The profession of lobbying and public affairs consulting respects the internal regulations of the representative assemblies and national, European and international institutions. It also subscribes to the principles of the corresponding codes of conduct when they are put in place, in particular at the National Assembly, the Senate, the European Parliament and the European Commission. It considers the recommendations issued by the Senior Authority for transparency in public life focussing on the relationships of representatives of interests with the actors in public life.
Article 10: Official documents, conferences and clubs
The profession of lobbying and public affairs consulting respects the rules in effect for obtaining and circulating official documents, and is specifically prohibited from distributing them for profitable purposes. It is also prohibited from organising—within the institutions—symposiums, meetings, clubs and events during which external participants will be invited to intervene subject to a financial contribution. It furthermore prohibits the use for commercial purposes of the aforesaid symposium or club with any official logo or any reference to an institution. It ensures a pluralistic and non-partisan, transparent and equitable approach within the conditions of enrolment in or membership of the symposiums, clubs and events that it organises. It lastly agrees to make public the name of the financial partners of these events, on a Web site or at the place of organisation of these events.
Article 11: Conflicts of interest
In the event of a risk of conflict of interests between its customers who have similar or competing objectives, the profession of lobbying and public affairs consulting must inform them of it.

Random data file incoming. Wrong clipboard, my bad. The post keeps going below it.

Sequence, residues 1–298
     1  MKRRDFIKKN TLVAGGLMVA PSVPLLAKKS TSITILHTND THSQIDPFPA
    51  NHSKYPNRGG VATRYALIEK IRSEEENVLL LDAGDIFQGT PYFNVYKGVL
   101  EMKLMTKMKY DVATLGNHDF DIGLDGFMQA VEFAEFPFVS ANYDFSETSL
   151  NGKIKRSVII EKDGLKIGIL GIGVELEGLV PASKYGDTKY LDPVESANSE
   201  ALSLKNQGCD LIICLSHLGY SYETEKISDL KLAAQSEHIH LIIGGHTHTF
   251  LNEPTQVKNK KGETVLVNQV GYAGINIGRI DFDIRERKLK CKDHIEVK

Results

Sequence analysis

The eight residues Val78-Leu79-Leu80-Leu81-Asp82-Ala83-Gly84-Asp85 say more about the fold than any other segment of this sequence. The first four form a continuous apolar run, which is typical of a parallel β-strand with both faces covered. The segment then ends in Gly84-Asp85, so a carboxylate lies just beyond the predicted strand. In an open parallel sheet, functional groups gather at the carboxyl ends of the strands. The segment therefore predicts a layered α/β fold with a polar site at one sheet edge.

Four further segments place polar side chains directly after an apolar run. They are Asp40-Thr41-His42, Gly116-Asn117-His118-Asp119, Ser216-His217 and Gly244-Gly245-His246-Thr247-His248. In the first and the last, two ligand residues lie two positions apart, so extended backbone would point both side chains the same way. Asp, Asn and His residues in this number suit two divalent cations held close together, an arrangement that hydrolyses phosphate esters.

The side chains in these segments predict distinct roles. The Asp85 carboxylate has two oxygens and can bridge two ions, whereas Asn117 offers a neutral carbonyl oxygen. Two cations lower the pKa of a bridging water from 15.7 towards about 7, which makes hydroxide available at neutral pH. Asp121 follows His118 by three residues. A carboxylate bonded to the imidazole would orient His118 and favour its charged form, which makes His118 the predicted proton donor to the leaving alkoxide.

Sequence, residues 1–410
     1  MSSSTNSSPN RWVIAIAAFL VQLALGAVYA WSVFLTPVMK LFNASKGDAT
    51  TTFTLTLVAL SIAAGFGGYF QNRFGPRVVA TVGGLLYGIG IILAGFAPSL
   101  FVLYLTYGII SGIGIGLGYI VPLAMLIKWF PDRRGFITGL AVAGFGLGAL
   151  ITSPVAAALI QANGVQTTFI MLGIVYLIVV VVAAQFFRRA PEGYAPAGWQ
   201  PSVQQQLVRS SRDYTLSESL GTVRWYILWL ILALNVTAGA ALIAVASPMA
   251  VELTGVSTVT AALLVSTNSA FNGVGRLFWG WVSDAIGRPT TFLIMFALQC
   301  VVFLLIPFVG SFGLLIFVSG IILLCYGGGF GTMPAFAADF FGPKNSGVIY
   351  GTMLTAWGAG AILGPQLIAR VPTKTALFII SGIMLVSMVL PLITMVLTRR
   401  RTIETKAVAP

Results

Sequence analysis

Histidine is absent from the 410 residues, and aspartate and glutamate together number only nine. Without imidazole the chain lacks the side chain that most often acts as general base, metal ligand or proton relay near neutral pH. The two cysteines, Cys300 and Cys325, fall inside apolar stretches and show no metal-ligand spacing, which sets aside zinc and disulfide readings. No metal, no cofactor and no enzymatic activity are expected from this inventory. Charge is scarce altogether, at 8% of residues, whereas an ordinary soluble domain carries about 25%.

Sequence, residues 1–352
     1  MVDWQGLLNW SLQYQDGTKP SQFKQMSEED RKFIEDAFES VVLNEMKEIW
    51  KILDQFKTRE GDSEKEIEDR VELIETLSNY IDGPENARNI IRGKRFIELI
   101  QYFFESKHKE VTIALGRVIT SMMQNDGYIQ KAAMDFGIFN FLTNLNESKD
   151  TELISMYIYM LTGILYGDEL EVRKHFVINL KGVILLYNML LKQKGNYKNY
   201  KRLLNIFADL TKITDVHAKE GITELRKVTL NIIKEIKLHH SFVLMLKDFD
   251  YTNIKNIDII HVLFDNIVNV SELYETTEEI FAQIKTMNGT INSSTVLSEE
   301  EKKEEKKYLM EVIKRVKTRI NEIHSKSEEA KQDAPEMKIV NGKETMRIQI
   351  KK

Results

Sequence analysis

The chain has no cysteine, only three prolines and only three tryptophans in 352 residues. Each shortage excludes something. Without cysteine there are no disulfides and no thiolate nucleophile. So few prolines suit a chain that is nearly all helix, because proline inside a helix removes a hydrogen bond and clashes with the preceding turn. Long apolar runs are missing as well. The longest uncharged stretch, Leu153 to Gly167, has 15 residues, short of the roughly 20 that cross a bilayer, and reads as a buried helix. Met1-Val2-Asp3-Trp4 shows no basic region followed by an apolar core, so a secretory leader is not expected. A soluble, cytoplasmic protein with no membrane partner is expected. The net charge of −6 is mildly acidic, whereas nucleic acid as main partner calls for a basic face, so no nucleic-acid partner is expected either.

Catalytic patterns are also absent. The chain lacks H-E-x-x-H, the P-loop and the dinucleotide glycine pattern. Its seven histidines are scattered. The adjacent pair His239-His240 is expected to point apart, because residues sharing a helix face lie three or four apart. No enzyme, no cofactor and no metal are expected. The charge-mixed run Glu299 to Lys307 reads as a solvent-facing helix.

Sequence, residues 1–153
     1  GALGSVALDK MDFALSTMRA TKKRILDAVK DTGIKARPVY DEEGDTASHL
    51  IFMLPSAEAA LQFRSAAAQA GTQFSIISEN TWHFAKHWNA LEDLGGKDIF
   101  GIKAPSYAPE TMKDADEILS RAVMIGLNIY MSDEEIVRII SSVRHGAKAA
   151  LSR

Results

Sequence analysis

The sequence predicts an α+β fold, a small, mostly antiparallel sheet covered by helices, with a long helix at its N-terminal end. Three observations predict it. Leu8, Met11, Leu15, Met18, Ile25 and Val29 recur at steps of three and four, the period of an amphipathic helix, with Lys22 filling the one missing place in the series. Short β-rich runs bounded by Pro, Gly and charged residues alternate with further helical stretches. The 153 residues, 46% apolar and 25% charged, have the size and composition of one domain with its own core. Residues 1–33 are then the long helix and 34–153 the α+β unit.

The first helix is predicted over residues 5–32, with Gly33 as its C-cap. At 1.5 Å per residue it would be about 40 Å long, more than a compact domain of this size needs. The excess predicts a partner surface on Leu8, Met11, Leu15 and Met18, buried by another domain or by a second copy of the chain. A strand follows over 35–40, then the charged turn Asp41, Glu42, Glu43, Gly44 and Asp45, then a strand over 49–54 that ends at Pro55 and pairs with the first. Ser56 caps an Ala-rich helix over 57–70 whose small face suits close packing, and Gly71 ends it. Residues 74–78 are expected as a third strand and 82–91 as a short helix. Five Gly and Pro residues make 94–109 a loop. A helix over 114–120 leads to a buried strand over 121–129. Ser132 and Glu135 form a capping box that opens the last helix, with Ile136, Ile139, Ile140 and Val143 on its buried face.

Article 12: Obligation of confidentiality
Due to the strategic nature of the files processed, the profession of lobbying and public affairs consulting is bound by an obligation of confidentiality, and often by professional secrecy.
Article 13: Respect for good practices, laws and regulations
The profession of lobbying and public affairs consulting draws the attention of its customer when its objectives or the means envisaged to achieve them, although not contrary to any use or rule, are inappropriate or disproportionate. When they are contrary to good professional practices or to the regulations and laws in effect, it its customers and prohibits them from participating.
Article 14: Integrity of the information conveyed
The profession of lobbying and public affairs consulting agrees to only broadcast or relay information available in the most honest and most rigorous way, on the basis of what companies, professional organisations, associations and public bodies having recourse to its services display.
Article 15: Respect of the Charter and possible sanctions
All members of the AFCL agree to respect the principles set out in this Charter in each of the missions entrusted to them and to have them respected within its consulting company. Any breach of these principles is liable to suspension of membership, declared by the bureau of the AFCL, and even to disbarring from the association, as declared by the General Assembly of the AFCL.